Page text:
Lenten Retreat 2011
This post focuses on the GOYA Lenten Retreat that we attended on April 9 &10, 2011. We had other events for the different age groups, but I really felt the need to share this ministry. It was such an amazing experience that the entire post is devoted to this retreat.
Bishop Claggett Retreat Center
What can I say about this weekend’s retreat? Amazing, inspiring, edifying, humbling, and joyful. We had such an amazing time at the retreat center in Buckeystown, MD.
The setting of the retreat rested in the rolling farms of Maryland, with endless fields of green. Small farms and silos dotted the horizon and horses roamed the fields. The air smelled of lilacs, fresh cut grass, and camp fires. The retreat center that we resided was an old school house type building. Built of red brick, it was almost four stories tall with the creakiest wooden floors and stairs you can imagine. It actually reminded me of my old elementary school, Jefferson Elementary in Sheboygan, WI. Next to the living quarters was a small chapel, named after Saint Andrew, as well as an old indoor basketball court. Outside the buildings were huge grassy fields with a basketball court, swing set, and horse shoe pits. When you close your eyes, you could hear the birds chirping, frogs croaking, and horses neighing. Just beautiful.
Discussion on Prayer and Fasting
We started the morning at 9:00 AM and welcomed all the GOYANS from Saints Constantine and Helen and Saint Sophia. While all the kids trickled in, we played frisbee, basketball, and horse shoes in the field. The leaders of the retreat were Yianni the Seminarian from Boston, Andrew from Richmond, VA and Deacon Evagoras from New York. The three of us set up the chapel with all our Orthodox items and prepared for the day’s events.
At 10 am we began with a welcome session from Father Nick Manousakis and the Deacon. For the next hour we had an intense discussion about Lent. The Deacon and I led the discussion and we talked about fasting, prayer, almsgiving, and preparation for Pascha. The talk really focused on the point of fasting, and each of the kids talked about the things from which they fasted. Many of the answers centered on, meat, soda, bad language, and Facebook. By the end of the discussion we discussed the impact of technology on our brains and society. They all agreed that technology is something that must be treated with respect and that it can be really hazardous to our Christian faith. We talked about how lent strips us of all the excessive stuff that weighs us down. The kids said they were amazed at how much will power they discovered through fasting! We all left the discussion having learned something useful for the Lenten preparation period.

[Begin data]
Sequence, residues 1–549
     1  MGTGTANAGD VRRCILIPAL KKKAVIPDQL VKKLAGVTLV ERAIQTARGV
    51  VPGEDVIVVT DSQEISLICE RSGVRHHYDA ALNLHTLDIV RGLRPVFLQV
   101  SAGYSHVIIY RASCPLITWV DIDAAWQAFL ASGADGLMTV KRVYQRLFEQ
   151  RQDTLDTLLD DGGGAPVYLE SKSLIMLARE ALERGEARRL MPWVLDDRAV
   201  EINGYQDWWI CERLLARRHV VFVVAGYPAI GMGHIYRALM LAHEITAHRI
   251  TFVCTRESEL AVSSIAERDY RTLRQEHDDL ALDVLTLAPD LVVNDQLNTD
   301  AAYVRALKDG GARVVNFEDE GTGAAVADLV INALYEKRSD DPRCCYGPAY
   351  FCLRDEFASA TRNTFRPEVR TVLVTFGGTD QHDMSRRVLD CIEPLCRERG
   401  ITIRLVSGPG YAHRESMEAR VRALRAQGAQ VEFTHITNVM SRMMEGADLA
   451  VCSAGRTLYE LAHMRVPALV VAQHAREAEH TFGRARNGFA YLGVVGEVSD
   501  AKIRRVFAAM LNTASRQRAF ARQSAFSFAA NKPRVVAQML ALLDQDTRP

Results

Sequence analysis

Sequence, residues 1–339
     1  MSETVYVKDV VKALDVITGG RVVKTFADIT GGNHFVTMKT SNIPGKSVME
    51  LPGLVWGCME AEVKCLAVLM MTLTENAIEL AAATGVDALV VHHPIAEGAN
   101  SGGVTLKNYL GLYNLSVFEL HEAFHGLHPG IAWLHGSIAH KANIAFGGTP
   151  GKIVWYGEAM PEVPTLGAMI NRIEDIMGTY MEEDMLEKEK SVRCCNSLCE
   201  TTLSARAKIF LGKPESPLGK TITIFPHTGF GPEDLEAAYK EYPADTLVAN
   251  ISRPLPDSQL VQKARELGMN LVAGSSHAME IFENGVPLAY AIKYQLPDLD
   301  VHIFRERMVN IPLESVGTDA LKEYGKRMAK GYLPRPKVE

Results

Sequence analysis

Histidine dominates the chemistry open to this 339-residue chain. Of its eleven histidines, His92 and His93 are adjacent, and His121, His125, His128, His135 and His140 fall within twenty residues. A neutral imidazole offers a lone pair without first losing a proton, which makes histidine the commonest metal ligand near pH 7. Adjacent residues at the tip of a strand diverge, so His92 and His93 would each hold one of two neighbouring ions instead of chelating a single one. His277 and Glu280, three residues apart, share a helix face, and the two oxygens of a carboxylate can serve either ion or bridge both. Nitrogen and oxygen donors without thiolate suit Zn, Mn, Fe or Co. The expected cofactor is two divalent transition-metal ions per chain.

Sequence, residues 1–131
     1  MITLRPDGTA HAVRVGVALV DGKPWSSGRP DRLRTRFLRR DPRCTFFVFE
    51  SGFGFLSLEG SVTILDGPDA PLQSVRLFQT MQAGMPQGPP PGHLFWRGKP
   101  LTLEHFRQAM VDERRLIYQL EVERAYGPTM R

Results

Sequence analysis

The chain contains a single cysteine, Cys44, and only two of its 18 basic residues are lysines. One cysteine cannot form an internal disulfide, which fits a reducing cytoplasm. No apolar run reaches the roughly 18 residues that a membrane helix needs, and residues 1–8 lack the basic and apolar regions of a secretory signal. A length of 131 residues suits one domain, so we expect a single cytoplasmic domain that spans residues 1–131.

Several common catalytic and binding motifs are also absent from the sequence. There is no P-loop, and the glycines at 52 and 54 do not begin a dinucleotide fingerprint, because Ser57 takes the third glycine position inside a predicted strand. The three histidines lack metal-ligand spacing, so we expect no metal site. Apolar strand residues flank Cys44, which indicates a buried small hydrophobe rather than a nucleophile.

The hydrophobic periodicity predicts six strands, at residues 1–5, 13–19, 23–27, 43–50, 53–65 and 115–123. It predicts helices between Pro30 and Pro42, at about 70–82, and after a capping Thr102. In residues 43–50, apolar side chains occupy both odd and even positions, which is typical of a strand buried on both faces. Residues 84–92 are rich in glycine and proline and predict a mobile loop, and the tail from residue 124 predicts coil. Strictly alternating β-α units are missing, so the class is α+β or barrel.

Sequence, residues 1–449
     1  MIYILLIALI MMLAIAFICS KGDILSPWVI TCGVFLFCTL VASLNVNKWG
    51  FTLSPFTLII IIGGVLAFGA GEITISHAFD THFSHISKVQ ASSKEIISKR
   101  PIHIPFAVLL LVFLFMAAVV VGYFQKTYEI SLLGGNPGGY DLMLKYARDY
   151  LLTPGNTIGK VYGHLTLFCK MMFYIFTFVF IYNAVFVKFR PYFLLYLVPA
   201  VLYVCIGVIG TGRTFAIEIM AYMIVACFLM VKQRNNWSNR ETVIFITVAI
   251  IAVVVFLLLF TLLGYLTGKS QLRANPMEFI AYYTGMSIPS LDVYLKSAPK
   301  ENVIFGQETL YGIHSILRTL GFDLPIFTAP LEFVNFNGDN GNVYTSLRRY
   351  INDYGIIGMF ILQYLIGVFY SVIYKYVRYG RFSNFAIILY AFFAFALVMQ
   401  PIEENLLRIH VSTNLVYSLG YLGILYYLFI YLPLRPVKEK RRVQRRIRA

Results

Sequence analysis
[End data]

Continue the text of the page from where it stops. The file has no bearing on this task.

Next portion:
Next we took everybody downstairs to the craft tables for a fun activity. Everybody received a few pieces of cardstock paper, which they folded, punched holes, and bound with twine. On the cover we read the prayer of Saint Ephraim and everybody wrote it in the booklet. It’s the prayer that we read during lent that speaks about God giving us the strength to stop from judging our neighbor and leading a holy life. Next everybody took bibles and searched through scripture for inspiring quotes to fill their booklets. I overheard some of the girls talking about how they never read the bible, and how awesome some of the stories sounded. A few of the more creative teenagers also decorated with prayer books with paper icons, drawings, and decoration. Everybody really put a lot of effort into the project and they were encouraged to keep them in their lockers, next to their bed, or close at hand for any difficult times that they needed some encouragement.
Journey Through Pascha
After lunch and a little free time the large group of almost forty kids split into two by age and went on to our next discussion. Andrew led the discussion on Holy Week and I sat in with the older group. We started the discussion by asking the kids if they could go back in time, where would they go and why. There were some great answers like, to the time of Jesus, the time of dinosaurs, the liberation of Greece, and the creation of the World! Andrew made the connection that Holy Week is like going back in time and experiencing the whole life and death of Jesus. We went day by day through Holy Week and talked about the significance about each of the services. There’s so much rich theology and meaning behind each of the services that we talked for almost an hour and a half! The older teenagers agreed that they wanted to try to go to one service that they had never been to before. The great celebration of Pascha means so much more when you’ve participated in the whole week of events leading up to Christ’s death and resurrection.
In between sessions we played this cool game called Underground Ecclesia. Andrew and Yianni brought the game from their Ionian Village experience. Basically there are two teams, Romans and Christians. The majority of the group is Christians, with a handful of Roman guards. The Romans are trying to put the Christians in jail, while the Christians are trying to get to the secret location of an underground church. The game ends when either all the Christians are captured or they have made it safely to the church. Romans capture the Christians by tagging them and escorting them to a designated jail, not a real jail by the way; we used the basketball court. The catch is that two of the Roman guards are actually Christians in disguise and they are the only ones who know where the church is located. Christians have to whisper a secret password to the guard that catches them, and if he’s the secret Christian then he tells you how to find the church. Even if you find the church though, you still have to try and free your fellow Christians that are in jail. It’s a ton of fun, and you get great exercise while playing. I played the first game as a Christian, and I was exhausted after just one game. This was a great combination of history lesson with interactive components.